Tuesday, September 17, 2019

An Introduction To Terahertz Technology For Non-Destructive Testing- Terametrix

Applications that benefit from Terahertz technology include aircrafts and fiber-reinforced composites. Shutterstock/Frank_peters

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https://www.azom.com/article.aspx?ArticleID=18439

What is Terahertz technology?
In the electromagnetic spectrum, Terahertz (THz) radiation sits between the infrared and microwave regions with frequencies between 300GHz and 3000GHz (0.3-3THz), and corresponding wavelengths from 1mm to 0.1mm. Historically, difficulties in generating and detecting THz radiation limited research into its interactions with matter [1]. However, recent advances now mean that it is possible to generate and detect 0.1-3THz frequencies.
THz radiation can penetrate a wide variety of non-conducting materials (such as cardboard, plastic, ceramics, clothing, wood, masonry, and paper.)). Penetration depth is relatively large (although usually less than that of microwave radiation), making THz-radiation suitable for probing the inner structure of samples in search of defects and inclusions [2]. Many chemicals have defining fingerprints at THz-frequencies so THz spectroscopy can be used to identify and characterize substances such as drugs and explosives.

Advantages of THz radiation

THz radiation penetrates many materials (more than infrared, for example) and, as an imaging technique, also exhibits good spatial resolution (better than microwaves, for example) [2]. This higher resolution means it is well-suited for analyzing complex systems with a low contrast range where established methods (like an ultrasound) may fail.
As THz pulses carry very low energies (compared to X-ray or UV radiation), they do not ionize and damage the material under study. This makes them particularly suitable for applications such as non-invasive imaging and non-destructive quality control. THz technology can be used where ultrasonic and other inspections cannot, such as when physical contact is not possible or when sensitive materials require examination (such as lightweight aircraft composites) or where materials do not conduct ultrasound [1].
Low energies mean this type of radiation is also safe for people to use; there are no associated health or safety risks.
Terahertz technology provides highly accurate, reliable and repeatable inspection data.

Applications

Pulsed terahertz imaging can provide a range of information about a sample. It can measure the thickness of a coating and study how well it is bonded, and give highly precise multi-layer thickness measurements in one go [3].   It can also detect the presence of internal voids or a specific gas, and detail the density distribution in a layer of foam [4]. Its major advantage is that can be used with the most sensitive of materials and testing environments.
Applications include NDT in aircraft and fiber-reinforced composites; ceramic coating thickness measurements; inspection and repair of pipelines; evaluation of seams; detection of voids; inspection of radomes (enclosures that protects radar antennae) and automotive fuel tanks; security applications such as checking for explosives in airports; and imaging of internal structures [1].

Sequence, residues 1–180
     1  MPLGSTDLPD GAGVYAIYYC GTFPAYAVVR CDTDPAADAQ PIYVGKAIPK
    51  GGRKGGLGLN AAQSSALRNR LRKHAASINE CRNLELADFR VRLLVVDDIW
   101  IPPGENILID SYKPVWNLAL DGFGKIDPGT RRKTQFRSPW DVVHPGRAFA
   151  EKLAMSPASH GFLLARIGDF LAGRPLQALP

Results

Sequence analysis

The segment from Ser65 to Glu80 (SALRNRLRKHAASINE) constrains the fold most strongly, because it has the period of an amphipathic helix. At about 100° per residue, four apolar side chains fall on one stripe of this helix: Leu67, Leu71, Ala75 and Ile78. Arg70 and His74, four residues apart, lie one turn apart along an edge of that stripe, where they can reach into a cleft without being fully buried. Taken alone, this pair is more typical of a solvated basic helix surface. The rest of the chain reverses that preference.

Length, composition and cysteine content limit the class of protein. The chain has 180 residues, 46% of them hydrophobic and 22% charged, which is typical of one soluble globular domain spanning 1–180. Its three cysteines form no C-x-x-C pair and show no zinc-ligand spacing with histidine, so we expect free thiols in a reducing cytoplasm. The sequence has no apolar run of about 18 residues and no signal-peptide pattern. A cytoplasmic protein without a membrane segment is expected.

TeraMetrix Products

T-Ray 5000 series [1]
TeraMetrix Inc has designed robust compact pulsed terahertz measurement systems for use in an industrial environment. Sensor heads are coupled by an optical fibre to a rack mount package containing the electro-optical acquisition hardware. This gives complete flexibility as sensor heads can be replaced and configured to a user’s specific requirements. Cutting edge research can be performed quickly and easily as the T-Ray 5000 systems can be adapted to handle a large number of experiments thanks to their modular construction.
Sensor Heads
T-Ray 5000 series Control Units can be combined with a handheld gauge or  line scanner for nondestructive testing [4]. The Single Point Gauge (SPG) determines the thickness of several coating layers with unparalleled precision, and the Line Scan Gauge (LSG) produces images of structures under the surface. Measurements with the SPG can be taken either straight-on or at right-angle depending on which tip is selected. While essentially non-contact, a measurement tip helps the user to position the object at the focus of the THz beam when using a hand-held tool. Measurement configuration and mode of operation are selected using the touchscreen display. The system is capable of working on metallic or composite substrates.
Applications areas include aerospace where the system is used to measure coating thickness and panel alignment and identify defects; marine (coating thickness and corrosion under paint); building products (seam inspection and void detection); and petrochemical (steel pipe coatings and pipe repair inspection).